Scale Back On These Harmful Foods For A Healthy Heart

Heart diseases such as coronary artery disease and heart attacks are the leading causes of death all over the world for several decades. If you are concerned about your heart's health, then the first thing which comes to your brain is how good or safe is the food you are consuming. Right?

You must be thinking that if your daily diet includes some heart-healthy foods you are far from the risk of heart diseases. But this is not true because keeping yourself away from certain foods is also equally important for a healthy heart. Your arteries clog up when you just think about having deep-fries, sugar-dipped donuts, and burgers with that dripping cheese. A healthy diet along with lifestyle changes is essential to lower your risk of heart disease. An optimum diet for a healthy heart needs roughly 2000 calories, less than 16 grams of saturated fat, below 1.5 grams of salt, and fewer than 300 milligrams of cholesterol.

While watching out for your heart's health, it is not enough if you just ditch salty foods. Additionally, the following foods should not find their way very often in your meal plan.


Well, most of you know that salt in excess can cause high blood pressure. But it’s time you understand that this uncontrolled blood pressure can narrow down your arteries causing heart diseases. Extra salt can cause fluid buildup in your body. Thus, your heart needs to work harder to pump the blood increases the pressure on the heart and its failure eventually. So commit to your memory to keep your salt in control. Do not exceed your daily intake of salt by more than 2 grams. However, it is ideal to have 1.5 grams per day.

Trans fat

Trans fat is quite harmful to your heart and is one of the easiest to limit. Trans-fat increases the bad cholesterol levels to an extent much higher than saturated fatty acids. This increases the risk of heart attacks and coronary artery disease. So avoid the big culprits including trans-fat such as snacks, bakery foods, margarine, crackers, etc. Check the label to see if it reads “zero trans fat”. Limiting beef, pork, butter, and cheese are the other versions to cut down on trans fat.

Processed meat

Processed meat contains high amounts of trans fat. In addition to this, the processed meat is preserved under salt, nitrites, or other preservatives which form the part of the problem for your heart. It can increase your risk for heart failure and the associated death. Therefore, cut back on burgers, hot dogs, and sausages as they contain processed meat.

Red meat

Don’t think of going wild for steaks while you are avoiding the processed picks. It is also high in saturated fats although unprocessed. Additionally, the microbes feed on these foods and produce a chemical substance that increases the risk of blot clots in the vessels that can lead to a heart attack. You don’t have to go completely plant-based; you can consider them as a treat rather than a staple food in your diet.

Fried foods

The food you eat from outside is delicious, but the oil they use is fried again and again making it saturated. The more fried is the food you take; the greater is your risk for heart failure. It is found that the risk is 18% higher in those who consume fried foods at least 1-3 times, and is 25% higher in those who eat fries 4-6 times a week while it is as high as 68% in those who eat fries every day. So it is better you scale back on fried foods.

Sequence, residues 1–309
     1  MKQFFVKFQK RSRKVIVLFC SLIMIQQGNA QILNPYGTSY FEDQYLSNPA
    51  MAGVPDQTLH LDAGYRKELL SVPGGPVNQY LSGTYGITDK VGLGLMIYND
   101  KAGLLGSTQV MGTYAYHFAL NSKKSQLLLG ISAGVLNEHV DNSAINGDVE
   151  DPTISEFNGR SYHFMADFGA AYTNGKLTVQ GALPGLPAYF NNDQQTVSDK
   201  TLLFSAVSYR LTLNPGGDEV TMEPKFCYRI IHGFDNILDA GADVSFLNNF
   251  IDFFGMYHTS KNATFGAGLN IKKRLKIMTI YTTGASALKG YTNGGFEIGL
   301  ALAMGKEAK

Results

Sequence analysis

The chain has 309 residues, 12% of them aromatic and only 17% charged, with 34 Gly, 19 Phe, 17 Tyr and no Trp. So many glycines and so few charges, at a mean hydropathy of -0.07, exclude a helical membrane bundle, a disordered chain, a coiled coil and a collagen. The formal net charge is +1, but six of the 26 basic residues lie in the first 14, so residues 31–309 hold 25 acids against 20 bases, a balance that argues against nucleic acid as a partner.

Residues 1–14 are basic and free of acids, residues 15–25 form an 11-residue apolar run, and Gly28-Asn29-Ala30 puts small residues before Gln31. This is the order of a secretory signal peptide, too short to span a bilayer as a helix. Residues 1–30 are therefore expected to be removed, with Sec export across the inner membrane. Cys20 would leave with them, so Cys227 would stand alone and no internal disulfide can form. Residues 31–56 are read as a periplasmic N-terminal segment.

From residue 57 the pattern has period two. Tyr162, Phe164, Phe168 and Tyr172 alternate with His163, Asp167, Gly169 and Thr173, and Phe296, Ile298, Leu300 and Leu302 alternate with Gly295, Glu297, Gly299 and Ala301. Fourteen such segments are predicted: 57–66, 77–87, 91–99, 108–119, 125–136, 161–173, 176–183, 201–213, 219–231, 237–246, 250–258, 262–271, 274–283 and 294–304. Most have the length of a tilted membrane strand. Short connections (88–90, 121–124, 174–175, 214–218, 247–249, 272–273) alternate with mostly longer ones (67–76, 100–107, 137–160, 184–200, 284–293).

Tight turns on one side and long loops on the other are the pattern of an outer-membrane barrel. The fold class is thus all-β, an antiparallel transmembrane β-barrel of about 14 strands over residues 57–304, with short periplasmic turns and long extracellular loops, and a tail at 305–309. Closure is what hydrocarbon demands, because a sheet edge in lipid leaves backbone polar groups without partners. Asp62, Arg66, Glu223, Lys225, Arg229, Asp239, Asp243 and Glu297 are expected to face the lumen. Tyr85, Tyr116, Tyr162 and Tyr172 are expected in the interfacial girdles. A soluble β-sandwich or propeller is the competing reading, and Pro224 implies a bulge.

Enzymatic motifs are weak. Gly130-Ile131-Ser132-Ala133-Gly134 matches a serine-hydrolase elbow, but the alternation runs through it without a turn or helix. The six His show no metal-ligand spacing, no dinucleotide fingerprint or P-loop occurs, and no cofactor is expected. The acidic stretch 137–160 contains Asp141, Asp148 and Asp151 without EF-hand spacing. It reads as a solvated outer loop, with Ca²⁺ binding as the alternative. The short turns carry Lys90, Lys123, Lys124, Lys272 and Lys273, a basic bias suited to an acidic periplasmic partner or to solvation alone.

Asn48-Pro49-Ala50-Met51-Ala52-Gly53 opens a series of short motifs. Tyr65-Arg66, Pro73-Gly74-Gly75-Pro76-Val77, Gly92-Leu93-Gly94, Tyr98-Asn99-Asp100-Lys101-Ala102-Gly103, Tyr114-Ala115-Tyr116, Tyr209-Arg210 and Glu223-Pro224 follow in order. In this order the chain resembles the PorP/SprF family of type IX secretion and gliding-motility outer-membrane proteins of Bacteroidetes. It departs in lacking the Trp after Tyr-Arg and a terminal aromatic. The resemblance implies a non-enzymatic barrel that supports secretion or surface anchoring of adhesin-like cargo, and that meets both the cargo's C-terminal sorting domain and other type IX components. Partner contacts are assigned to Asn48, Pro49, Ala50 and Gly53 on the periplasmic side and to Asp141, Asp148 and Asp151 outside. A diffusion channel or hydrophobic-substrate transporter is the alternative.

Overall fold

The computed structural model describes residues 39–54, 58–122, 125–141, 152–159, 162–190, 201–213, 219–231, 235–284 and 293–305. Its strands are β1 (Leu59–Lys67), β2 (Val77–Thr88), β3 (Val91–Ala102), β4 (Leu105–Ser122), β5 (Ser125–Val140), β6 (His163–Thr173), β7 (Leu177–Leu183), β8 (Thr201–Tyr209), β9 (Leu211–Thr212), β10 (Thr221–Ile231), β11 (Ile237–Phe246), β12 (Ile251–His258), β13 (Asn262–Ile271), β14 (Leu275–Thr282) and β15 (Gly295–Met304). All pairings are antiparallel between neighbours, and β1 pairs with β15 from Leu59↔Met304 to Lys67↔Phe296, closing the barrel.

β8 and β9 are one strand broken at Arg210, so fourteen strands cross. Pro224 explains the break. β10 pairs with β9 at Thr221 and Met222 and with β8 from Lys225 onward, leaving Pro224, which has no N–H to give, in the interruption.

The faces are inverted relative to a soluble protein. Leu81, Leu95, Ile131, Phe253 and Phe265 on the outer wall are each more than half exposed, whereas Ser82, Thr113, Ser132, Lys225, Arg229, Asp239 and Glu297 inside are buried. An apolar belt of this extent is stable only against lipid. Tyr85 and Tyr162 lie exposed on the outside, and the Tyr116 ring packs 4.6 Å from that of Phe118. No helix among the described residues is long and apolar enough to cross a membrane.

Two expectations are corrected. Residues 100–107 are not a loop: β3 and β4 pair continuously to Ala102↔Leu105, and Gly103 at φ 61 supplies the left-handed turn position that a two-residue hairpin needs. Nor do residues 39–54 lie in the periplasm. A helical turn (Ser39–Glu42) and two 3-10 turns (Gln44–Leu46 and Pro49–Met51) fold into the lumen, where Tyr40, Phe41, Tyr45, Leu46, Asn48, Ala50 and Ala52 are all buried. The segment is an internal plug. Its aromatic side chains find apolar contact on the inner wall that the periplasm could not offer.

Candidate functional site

Processed grains and carbohydrates

Refined carbohydrates have most of the fibers and nutrients removed and thus they are usually considered as “empty” calories. Intake of refined carbohydrates (white rice, white bread, etc.) and excess starches (potatoes) are linked to raising your blood pressure, putting your heart at risk for stroke. Instead, replace them with whole grains such as dietary fiber, minerals, etc.


Excess consumption of liquor can increase your blood pressure, hurt your heart muscles, and increase your risk for stroke. Binge drinking can lead to abnormalities in heart rhythm. Try to limit your drinking, by avoiding it at least for 2 consecutive days a week. Ideally, men should not drink more than two drinks per day while women not more than one drink per day. (One drink is equated to 1 ounce of 100-proof spirits or 1.5 ounces of 80-proof spirits or 4 ounces of wine or 12 ounces of beer).

Soft drinks

There is a potential link between consuming soft drinks and heart diseases. Your body computes the calories from liquid sugars differently over the calories from solid food. It is associated with an increase in blood pressure and thus the risk of heart attack and heart failure is high with soft drinks. Consumption of just two drinks per day can increase the risk for heart failure by nearly 23% compared to those who did not consume soft drinks at all. So try to reduce your cravings for soft drinks.

Added sugar

When it comes to heart problems, people often think of fat and cholesterol as the culprits. But the fact is that sugar is also one on the list. Sugar is added to almost everything from fizzy drinks to fast foods. To prevent your blood pressure from spiking and protect yourself from heart disease, look for foods with less added sugars.

Heart diseases are the major cause of death in America and many other parts of the world, so protect your heart to extend your life. You don’t have to change your diet over a single night. A gradual change can give you big rewards. As you feel happy with one change, you can try with the next change.


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